Sometimes the gap between adventures in a film series can be just a touch too long cough Indiana Jones cough and the momentum that was built up is lost. On the other hand, sometimes a break can give time to breath new life into a series cough Batman cough. I rather fancy The Mummy series falls into the former category. Yeah, the first two movies were fun, although the second got far too carried away with not terribly convincing CGI spectacle by the end, but there wasn't really anywhere to go, hence part three decamps to the far east. Poor reviews and relatively disappointing grosses have hopefully put a cap on any further outings for the franchise, althoguh rumour has another 34985435 sequels are planned. Woo! Given the debt the Mummy movies owe to Indiana Jones, it's interesting to have Indy back on the screens in the same year and while, as a movie Kingdom of the Crystal Skull was something of a disappointment (yes, I kinda changed my mind... second viewing, I was bored, shame), John Williams was still on form. True, relatively speaking, it's probably the weakest of the four, but the detail of the writing, use of major themes and inherent skill with an orchestra made even the more routine passages still worth a listen. These things are all relative.
Randy Edelman has his moments, but tends to be far more convincing when composing for lighter films. His natural pop style and melodic sense are ideal for comedies, romantic or otherwise, but he can flounder a little when writing on a bigger scale. The biggest problem is his rather flat and unsophisticated orchestration, often doubling up the melodic line with synths, padding out the middle range to add body. This can work if used sparingly, but over long passages, a heavy mid range can can pall on the ear and starts to plod. What you really want is counterpoint, not orchestration padding. Having said that, The Mummy 3 isn't hampered too badly with synthetic padding, but when you have the London Symphony Orchestra to crank out your score, your orchestration should take full advantage. I'm not sure that's necessarily the case, but there is certainly plenty of oomph in most of the action passages. It's not perfect by any means and pales compared to what Messrs Goldsmith and Silvestri contributed to the first two movies. Their action soars and thunders, Edelman's just crashes along. The slightly unconvincing main theme doesn't really help; it's just feels a bit too light for this type of film, more suited to a boy's own adventure (Iron Will or something of that ilk). Silvestri and Goldsmith contributed heroic themes, but they did at least sound like they should accompany adults.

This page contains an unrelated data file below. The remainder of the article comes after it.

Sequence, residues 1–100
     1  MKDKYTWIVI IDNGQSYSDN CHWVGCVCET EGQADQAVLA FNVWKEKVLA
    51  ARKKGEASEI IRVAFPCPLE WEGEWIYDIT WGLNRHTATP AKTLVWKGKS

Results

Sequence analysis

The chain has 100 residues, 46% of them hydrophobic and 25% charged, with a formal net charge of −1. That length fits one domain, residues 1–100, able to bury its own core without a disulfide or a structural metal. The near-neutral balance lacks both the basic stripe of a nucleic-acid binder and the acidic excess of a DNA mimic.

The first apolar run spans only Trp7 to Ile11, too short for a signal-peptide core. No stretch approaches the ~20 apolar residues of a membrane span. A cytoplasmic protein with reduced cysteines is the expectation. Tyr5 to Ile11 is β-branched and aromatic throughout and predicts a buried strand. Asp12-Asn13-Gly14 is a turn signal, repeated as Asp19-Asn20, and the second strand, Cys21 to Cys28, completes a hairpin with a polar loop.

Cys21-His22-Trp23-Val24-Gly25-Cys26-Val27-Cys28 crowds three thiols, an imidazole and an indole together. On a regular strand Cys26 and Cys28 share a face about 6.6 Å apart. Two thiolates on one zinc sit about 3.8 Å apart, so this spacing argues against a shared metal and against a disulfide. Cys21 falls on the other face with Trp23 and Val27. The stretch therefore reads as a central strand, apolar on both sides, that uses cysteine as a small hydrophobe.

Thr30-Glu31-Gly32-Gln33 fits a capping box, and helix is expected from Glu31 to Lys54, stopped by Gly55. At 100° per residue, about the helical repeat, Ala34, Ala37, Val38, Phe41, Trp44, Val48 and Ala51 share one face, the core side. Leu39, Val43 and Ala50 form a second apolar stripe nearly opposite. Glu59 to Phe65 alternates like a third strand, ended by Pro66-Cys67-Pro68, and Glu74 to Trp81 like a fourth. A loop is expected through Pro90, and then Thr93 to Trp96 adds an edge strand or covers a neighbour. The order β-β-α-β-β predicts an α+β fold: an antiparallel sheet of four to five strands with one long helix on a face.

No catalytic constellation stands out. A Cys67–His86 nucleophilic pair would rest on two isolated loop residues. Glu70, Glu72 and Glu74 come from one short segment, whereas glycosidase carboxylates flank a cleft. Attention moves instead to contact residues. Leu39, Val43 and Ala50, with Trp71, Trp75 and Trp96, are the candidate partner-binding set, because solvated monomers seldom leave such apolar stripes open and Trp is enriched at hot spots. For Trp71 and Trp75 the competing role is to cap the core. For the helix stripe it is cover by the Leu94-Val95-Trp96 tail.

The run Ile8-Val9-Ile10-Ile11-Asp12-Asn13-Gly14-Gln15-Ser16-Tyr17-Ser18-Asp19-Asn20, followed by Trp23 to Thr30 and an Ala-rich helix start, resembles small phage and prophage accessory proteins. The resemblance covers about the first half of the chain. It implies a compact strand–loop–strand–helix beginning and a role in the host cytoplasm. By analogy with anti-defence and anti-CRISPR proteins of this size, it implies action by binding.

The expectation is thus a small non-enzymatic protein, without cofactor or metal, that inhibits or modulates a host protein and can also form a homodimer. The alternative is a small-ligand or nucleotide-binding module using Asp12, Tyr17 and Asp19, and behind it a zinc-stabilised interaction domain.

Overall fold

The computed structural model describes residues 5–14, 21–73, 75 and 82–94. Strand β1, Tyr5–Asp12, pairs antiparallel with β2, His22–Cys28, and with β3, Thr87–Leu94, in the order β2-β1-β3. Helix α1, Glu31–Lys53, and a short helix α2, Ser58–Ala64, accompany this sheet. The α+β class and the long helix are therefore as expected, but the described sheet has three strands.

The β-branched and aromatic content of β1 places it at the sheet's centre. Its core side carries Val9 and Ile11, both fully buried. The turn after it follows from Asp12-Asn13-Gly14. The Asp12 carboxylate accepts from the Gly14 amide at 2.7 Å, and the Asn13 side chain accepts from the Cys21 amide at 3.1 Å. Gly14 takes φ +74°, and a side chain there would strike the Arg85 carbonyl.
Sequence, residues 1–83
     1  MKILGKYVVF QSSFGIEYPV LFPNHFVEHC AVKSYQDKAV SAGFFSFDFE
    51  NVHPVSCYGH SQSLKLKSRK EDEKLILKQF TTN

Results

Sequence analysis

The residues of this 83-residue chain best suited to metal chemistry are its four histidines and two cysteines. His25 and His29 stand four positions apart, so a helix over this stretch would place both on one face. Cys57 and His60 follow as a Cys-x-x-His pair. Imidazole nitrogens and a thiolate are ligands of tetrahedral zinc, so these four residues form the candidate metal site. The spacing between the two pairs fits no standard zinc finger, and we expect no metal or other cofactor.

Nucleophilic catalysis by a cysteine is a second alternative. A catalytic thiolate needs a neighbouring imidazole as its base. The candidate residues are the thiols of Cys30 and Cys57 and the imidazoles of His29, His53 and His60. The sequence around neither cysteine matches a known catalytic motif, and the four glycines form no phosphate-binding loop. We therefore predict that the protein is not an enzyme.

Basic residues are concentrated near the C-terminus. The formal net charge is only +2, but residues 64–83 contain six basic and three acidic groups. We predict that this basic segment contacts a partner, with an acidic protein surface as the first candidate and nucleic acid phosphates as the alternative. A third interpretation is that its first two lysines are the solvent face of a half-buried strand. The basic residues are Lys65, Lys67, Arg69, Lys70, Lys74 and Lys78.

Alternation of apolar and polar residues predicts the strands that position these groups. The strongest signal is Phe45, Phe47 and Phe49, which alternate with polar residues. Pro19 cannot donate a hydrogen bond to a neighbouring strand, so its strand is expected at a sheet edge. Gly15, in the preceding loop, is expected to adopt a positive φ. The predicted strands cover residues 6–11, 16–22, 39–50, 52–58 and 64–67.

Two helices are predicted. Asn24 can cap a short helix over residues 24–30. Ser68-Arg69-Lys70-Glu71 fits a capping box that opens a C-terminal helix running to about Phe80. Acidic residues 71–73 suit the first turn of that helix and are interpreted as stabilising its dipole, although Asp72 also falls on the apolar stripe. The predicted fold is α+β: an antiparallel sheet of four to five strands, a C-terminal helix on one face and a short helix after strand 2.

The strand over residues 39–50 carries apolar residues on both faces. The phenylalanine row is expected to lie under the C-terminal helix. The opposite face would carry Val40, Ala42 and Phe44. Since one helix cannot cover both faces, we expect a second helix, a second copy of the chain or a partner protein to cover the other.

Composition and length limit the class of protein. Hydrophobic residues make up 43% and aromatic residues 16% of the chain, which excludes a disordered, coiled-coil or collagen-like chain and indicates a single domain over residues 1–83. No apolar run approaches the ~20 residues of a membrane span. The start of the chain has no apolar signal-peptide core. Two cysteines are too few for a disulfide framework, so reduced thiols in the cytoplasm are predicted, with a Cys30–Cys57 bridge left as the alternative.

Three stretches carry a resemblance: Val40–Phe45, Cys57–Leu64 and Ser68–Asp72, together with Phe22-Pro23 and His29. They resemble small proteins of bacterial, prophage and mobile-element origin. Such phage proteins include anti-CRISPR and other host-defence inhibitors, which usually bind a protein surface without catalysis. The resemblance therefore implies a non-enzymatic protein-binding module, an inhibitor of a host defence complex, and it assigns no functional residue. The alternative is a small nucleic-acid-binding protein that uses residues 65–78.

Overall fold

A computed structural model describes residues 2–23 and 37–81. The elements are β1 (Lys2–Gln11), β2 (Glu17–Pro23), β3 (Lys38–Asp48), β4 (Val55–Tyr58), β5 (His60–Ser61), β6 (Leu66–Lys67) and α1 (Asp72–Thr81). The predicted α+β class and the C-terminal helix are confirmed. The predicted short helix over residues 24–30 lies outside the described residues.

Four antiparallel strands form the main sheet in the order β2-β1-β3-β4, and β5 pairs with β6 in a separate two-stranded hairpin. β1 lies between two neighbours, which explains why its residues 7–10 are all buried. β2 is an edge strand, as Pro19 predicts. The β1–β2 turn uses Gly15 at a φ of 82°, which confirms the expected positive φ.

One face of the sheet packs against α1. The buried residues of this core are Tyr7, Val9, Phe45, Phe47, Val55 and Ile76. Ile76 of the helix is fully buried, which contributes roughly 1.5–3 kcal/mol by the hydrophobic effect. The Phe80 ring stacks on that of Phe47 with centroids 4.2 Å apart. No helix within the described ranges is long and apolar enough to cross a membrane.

The eastern element is pretty much what one would expect from a film of this sort; more incidental and to add a bit of colour, but it's effective none the less. Oddly, some of the more effective moments are the quieter ones. Mother and Daughter Reunion, is fairly affecting, while the following cue, Ancient China is solely regional flavouring. However, the playful Rick's Long Rod is a cue where Edelman seems to be more at home; for 42 seconds, it feels like Edelman's natural territory. In contrast, trying to conjure some suspense in Entering the Tomb is only sporadically effective, although the suggestion of awe and wander midway through is more convincing, more than can be said for the percussive action that follows. I have to confess that first time through, The Mummy 3 did not impress me in the slightest, particularly disliking the main theme, although I have warmed to it. The action is sporadically entertaining, but of inconsistent quality. There are too many passages where the entire brass seem to be playing in unison (the end of the aforementioned Entering the Tomb a case in point) which is just tiring and leaves nothing to discover. Goldsmith and Silvestri might not have held back with their action - Silvestri's being particularly OTT - but there was always clarity in the writing and the music always seemed to be going somewhere, Edelman's often just fills the aural space. At 45 minutes, the album would be entertaining, but at 77, a tad too long, but jolly entertainment, even if replay value is rather limited.